An Evening Prayer

In this season of shortening days and early darkness, I’d like to share with you an evening prayer from my Episcopal days:

Keep watch, dear Lord, with those who work, or watch, or weep this night, and give thine angels charge over those who sleep. Tend the sick, Lord Christ; give rest to the weary, bless the dying, soothe the suffering, pity the afflicted, shield the joyous; and all for thy love’s sake. Amen.

 —Book of Common Prayer

  The Good Samaritan  by John Mosiman. Courtesy  Sacred Art Pilgrim .

The Good Samaritan by John Mosiman. Courtesy Sacred Art Pilgrim.

I Can't. You Must.

One of my students, Sister Jerilyn, shared this prayer with our class last night. The prayer is attributed to Oscar Romero. 

 I looked this prayer up online, and one commentator astutely noted that this prayer was Romero's personal way of praying Jesus' prayer of surrender in the Garden of Gethsemane:  "Not what I want but what you want" (Mt. 26:39). 

I looked this prayer up online, and one commentator astutely noted that this prayer was Romero's personal way of praying Jesus' prayer of surrender in the Garden of Gethsemane: "Not what I want but what you want" (Mt. 26:39). 

Epiphany Prayer

Like the magi, we want to bring Jesus gifts.  But what gifts should we bring?  We should bring him what he wants the most.

Lord Jesus, I lay before you the gold of my sins and weaknesses, the incense of my painful memories and relationships, and the myrrh of my fears and anxieties.  These do not seem like gifts fit for a King, but I offer them to you from the treasure-chest of my heart, knowing that you wish to transform and redeem them.  I come to you open, empty and vulnerable; be a quiet, loving, saving presence in me.  Amen.

 Anne Koken, color linocut.  Courtesy  Sacred Art Pilgrim .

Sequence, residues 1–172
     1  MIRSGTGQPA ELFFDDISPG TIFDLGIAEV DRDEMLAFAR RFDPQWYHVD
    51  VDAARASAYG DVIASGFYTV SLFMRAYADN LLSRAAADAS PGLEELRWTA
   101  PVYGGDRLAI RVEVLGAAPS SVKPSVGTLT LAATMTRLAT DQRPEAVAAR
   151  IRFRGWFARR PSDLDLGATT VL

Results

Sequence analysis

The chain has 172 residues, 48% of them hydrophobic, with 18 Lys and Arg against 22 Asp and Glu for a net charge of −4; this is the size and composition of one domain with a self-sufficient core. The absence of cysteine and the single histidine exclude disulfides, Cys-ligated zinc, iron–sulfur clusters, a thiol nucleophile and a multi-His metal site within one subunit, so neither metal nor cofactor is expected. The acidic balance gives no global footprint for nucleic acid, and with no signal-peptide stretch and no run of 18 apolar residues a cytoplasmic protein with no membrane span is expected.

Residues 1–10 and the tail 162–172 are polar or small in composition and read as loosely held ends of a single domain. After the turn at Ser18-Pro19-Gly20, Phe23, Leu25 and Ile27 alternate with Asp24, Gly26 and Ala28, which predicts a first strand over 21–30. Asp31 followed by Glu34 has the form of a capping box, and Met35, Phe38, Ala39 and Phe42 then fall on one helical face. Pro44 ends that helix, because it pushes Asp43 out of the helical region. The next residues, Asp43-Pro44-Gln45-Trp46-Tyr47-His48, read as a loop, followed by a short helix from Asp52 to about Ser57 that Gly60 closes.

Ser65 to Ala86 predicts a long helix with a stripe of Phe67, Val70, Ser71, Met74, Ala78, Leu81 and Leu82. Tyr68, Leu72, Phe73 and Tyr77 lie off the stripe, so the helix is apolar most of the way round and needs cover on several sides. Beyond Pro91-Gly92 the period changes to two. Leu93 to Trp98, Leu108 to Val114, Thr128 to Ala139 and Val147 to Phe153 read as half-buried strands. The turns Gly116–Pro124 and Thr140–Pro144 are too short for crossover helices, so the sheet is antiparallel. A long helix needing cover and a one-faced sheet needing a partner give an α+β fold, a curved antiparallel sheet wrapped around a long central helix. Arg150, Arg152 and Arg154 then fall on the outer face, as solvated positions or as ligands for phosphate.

Anne Koken, color linocut.  Courtesy Sacred Art Pilgrim.

We Are His, Give Thanks

A psalm for your dinner table or a quiet moment today.  Happy Thanksgiving!

Psalm 100

Make a joyful noise to the Lord, all the earth.
    Worship the Lord with gladness;
    come into his presence with singing.

Know that the Lord is God.
    It is he that made us, and we are his;
    we are his people, and the sheep of his pasture.

Enter his gates with thanksgiving,
    and his courts with praise.
    Give thanks to him, bless his name.

For the Lord is good;
    his steadfast love endures forever,
    and his faithfulness to all generations.

 John Kohan,  Dream of Byzantium, m ixed media collage on cardboard.  Courtesy of Sacred Art Pilgrim.

John Kohan, Dream of Byzantium, mixed media collage on cardboard.  Courtesy of Sacred Art Pilgrim.

Homily Gem #2

I heard this on Sunday and thought it was a beautiful idea:

When praying for someone who is sick, you can use the words of Lazarus’ sisters, who said to Jesus: ‘Lord, the one you love is ill.’
— Fr. Declan Creighton

Fr. Declan was referring to the story of the raising of Lazarus (John 11:1-44). 

How did Jesus respond to Mary and Martha, when they sent word that their brother was ill?  He said, “This illness is not to end in death.”  Of course, several verses later, we find out that Lazarus has indeed died.  And yet with Mary and Martha, we believe the words of Jesus, “Your brother will rise.”

Do you have a loved one or a friend who is facing a serious illness?  This story from John’s Gospel is fertile ground for prayer and reflection:  the delay of Jesus in coming to Lazarus’ side, the faith of the sisters, the tears of Jesus, the power of his voice that raised Lazarus from the tomb, the unbinding of death’s trappings, the foreshadowing of Jesus’ own death and triumph.

Lord, the one you love is ill.  I trust you.  You know what is best.  In your time, raise him, untie him and let him go free.

 "This is not to end in death."  The death and raising of Lazarus foreshadows the death and resurrection of Jesus.  Botticelli,  Pieta  (detail).

"This is not to end in death."  The death and raising of Lazarus foreshadows the death and resurrection of Jesus.  Botticelli, Pieta (detail).